In a single colony of P. fuscatus, there are often multiple groups of wasps led by cooperating queens. By constantly battling each other, the queens set up a power structure in the colony, determining food distribution, work assignments and reproductive privileges. Each wasp has distinct markings on its face and abdomen. When Tibbetts painted yellow markings on a wasp, the insect suffered considerable aggression from former colony friends, though not as much as if it were an actual invader. The wasps knew by scent that the painted insect was a nest mate, but they couldn’t recognize the insect by appearance and were unsure if it posed a threat to rank. Eventually, the wasps were able to learn the facial markings and assign a rank. Researchers set up a T-shaped maze and electrified the entire floor except for one arm of the maze. They placed an image of a P. fuscatus face in an electrified wing, and a different P. fuscatus face in the safe wing, which changed locations with each trial. They trained 12 wasps to associate one of the faces with safety. They then repeated the experiment using different paired images, including simple black-and-white shapes, caterpillars (their food), antenna-less faces, rearranged P. fuscatus faces and faces of a closely related paper wasp, Polistes metricus. They found that the wasps were able to discriminate between the normal P. fuscatus faces much more rapidly and accurately than any of the other images, suggesting that the insects have evolved specialized face-learning abilities. Perhaps the wasps can distinguish other things, such as shapes or rearranged faces, but they don’t respond to these with changed behaviors. The researchers also performed the experiment with P. metricus wasps, which don’t form multiqueen colonies, and found that the species does not learn faces any better than other images.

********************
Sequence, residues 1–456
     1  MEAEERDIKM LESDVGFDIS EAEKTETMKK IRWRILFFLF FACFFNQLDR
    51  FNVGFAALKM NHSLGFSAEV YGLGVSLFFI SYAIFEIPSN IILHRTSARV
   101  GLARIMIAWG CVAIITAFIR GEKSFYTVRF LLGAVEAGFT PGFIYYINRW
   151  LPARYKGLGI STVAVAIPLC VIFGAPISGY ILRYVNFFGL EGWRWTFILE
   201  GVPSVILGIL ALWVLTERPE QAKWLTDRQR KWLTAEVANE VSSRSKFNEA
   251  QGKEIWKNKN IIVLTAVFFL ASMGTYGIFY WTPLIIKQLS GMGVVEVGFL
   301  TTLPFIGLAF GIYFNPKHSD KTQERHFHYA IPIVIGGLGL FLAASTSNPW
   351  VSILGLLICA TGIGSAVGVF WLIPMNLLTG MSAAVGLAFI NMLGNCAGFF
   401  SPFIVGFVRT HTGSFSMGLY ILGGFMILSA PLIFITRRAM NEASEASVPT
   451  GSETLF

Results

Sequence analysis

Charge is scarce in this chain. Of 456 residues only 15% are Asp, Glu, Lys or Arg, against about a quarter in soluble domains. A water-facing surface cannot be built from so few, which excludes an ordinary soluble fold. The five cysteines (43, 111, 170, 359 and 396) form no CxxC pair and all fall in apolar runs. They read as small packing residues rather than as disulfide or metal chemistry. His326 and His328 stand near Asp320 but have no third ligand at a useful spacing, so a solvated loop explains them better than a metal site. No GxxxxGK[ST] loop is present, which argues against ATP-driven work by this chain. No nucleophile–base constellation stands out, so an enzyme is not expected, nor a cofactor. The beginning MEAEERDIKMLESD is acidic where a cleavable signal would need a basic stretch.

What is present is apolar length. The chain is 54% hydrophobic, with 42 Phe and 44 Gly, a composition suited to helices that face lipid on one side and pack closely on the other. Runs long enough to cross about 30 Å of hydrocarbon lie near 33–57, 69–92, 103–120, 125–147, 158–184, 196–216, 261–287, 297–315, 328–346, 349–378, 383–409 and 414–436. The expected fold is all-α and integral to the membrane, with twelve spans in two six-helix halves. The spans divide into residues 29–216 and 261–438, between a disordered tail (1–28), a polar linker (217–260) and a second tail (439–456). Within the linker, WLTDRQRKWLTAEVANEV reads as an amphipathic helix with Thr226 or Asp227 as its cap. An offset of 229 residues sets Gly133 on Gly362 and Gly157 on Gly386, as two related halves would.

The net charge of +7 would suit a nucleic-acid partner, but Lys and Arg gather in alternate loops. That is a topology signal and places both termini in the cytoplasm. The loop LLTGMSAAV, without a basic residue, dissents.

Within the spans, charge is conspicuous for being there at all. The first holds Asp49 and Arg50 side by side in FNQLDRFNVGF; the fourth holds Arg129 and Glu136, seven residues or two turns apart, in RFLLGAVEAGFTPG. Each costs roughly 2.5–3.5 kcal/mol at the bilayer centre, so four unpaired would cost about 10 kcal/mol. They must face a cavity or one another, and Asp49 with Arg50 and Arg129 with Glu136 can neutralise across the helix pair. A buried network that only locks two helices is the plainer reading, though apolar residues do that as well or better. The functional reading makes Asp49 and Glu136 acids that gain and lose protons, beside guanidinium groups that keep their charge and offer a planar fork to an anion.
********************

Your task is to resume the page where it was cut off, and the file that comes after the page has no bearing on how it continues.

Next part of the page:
First posted: THURSDAY, DECEMBER 1, 2011